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'Tis but as ivy-leaves around the ruin'd turret wreath, All green and wildly fresh without, but worn and gray
beneath. Oh could I feel as I have felt, or be what I have been, Or weep as I could once have wept, o'er many a van
ish'd scene : As springs in deserts found seem sweet, all brackish though they be,
[flow to me. So, mid the wither'd waste of life, those tears would
Well! thou art happy, and I feel
That I should thus be happy too;
Warmly, as it was wont to do.
Some pangs to view his happier lot:
Would hate him if he loved thee not!
I thought my jealous heart would break;
I kiss'd it for its mother's sake.
Its father in its face to see ;
And they were all to love and me.
While thou art bless'd I'll not repine ;
My heart would soon again be thine.
Had quench'd at length my boyish flame,
My heart in all, save hope, the same.
Yet was I calm : I knew the time
My breast would thrill before thy look, But now to tremble were a crime-
We met, and not a nerve was shook. I saw thee gaze upon my face,
Yet meet with no confusion there : One only feeling couldst thou trace,
The sullen calmness of despair. Away! away! my early dream,
Remembrance never must awake: Oh! where is Lethe's fabled stream?
My foolish heart be still, or break.
ON THE DEATH OF SIR PETER PARKER, BART. THERE is a tear for all that die,
A mourner o'er the humblest grave; But nations swell the funeral cry,
And Triumph weeps above the brave. For them is Sorrow's purest sigh
O'er Ocean's heaving bosom sent : In vain their bones unburied lie,
All earth becomes their monument ! A tomb is theirs on every page,
An epitaph on every tongue; The present hours, the future age,
For them bewail, to them belong. For them the voice of festal mirth
Grows hush'd, their name the only sound; While deep remembrance pours to worth
The goblet's tributary round.
Lamented by admiring foes,
Who would not die the death they chose ?
And, gallant Parker! thus enshrined
Thy life, thy fall, thy fame shall be ; And early valour, glowing, find
A model in thy memory.
In wo, that glory cannot quell;
Where one so dear, so dauntless, fell. Where shall they turn to mourn thee less ?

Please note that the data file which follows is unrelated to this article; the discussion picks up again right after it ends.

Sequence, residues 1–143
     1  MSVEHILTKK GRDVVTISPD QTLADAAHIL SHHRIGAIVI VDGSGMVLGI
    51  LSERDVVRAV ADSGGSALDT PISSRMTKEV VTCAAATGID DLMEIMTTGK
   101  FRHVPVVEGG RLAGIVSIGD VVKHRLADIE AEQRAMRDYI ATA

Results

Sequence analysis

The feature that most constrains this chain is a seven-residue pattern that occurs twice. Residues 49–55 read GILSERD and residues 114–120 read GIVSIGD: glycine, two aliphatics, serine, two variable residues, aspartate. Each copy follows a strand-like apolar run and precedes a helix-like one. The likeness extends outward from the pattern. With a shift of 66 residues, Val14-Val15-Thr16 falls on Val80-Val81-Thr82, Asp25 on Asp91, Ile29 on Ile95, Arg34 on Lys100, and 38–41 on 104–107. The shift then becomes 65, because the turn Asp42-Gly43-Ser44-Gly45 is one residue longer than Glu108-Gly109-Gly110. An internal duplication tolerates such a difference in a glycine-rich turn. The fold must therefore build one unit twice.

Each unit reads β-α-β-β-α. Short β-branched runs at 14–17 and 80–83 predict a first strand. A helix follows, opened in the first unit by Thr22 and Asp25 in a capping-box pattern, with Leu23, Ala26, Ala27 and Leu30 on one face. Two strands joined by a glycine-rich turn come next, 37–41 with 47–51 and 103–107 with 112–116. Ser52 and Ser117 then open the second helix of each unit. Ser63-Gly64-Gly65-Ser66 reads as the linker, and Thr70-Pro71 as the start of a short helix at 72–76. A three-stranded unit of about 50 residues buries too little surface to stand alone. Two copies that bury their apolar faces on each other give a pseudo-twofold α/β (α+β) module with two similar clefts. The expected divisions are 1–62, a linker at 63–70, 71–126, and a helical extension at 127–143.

When cease to hear thy cherish'd name? Time cannot teach forgetfulness,
While Grief's full heart is fed by Fame. Alas! for them, though not for thee,
They cannot choose but weep the more; Deep for the dead the grief must be,
Who ne'er gave cause to mourn before.
SHE WALKS IN BEAUTY.
She walks in beauty, like the night
Of cloudless climes and starry skies ; And all that's best of dark and bright
Meet in her aspect and her eyes : Thus mellow'd to that tender light
Which heaven to gaudy day denies. One shade the more, one ray the less,
Had half impair'd the nameless grace Which waves in every raven tress,
Or softly lightens o'er her face; Where thoughts serenely sweet express
How pure, how dear their dwelling-place. And on that cheek, and o'er that brow,
So soft, so calm, yet eloquent,
But tell of days in goodness spent,
A heart whose love is innocent!
MANFRED." Man. The stars are forth, the moon above the tops Of the snow-shining mountain. Beautiful! I linger yet with Nature, for the night Hath been to me a more familiar face Than that of man; and in her starry shade Of dim and solitary loveliness, I learn'd the language of another world. I do remember me, that in my youth, When I was wandering, upon such a night I stood within the Coliseum's wall, Mid the chief relics of almighty Kome; The trees which grew along the broken arches Waved dark in the blue midnight, and the stars Shone through the rents of ruin; from afar The watchdog bay'd beyond the Tiber;
and More near, from out the Cæsars' palace, came The owl's long cry, and, interruptedly, Of distant sentinels the fitful song Begun and died upon the gentle wind. Some cypresses beyond the time-worn breach Appeard to skirt the horizon, yet they stood Within a bowshot. Where the Cæsars dwelt, And dwell the tuneless birds of night, amid A grove which springs through levell'd battlements, And twines its roots with the imperial hearths, Ivy usurps the laurel's place of growth; But the gladiators' bloody circus stands, A noble wreck in ruinous perfection! While Cæsar's chambers and the Augustan halls, Grovel on earth in indistinct decay. And thou didst shine, thou rolling moon, upon All this, and cast a wide and tender light, Which soften'd down the hoar austerity Of rugged desolation, and fill’d up, As 'twere anew, the gaps of centuries; Leaving that beautiful which still was so,
And making that which was not, till the place
Sir WALTER Scott. 1771-1832.
FROM "THE LAY OF THE LAST MINSTREL."
The feast was over in Branksome tower,
Knight, and page, and household squire,
Or crowded round the ample fire : The staghounds, weary with the chase,
Lay stretch'd upon the rushy floor, And urged, in dreams, the forest race,
From Teviot Stone to Eskdale Moor. Nine-and-twenty knights of fame
Hung their shields in Branksome Hall;
Nine-and-twenty yeomen tall
Kinsmen to the bold Buccleugh.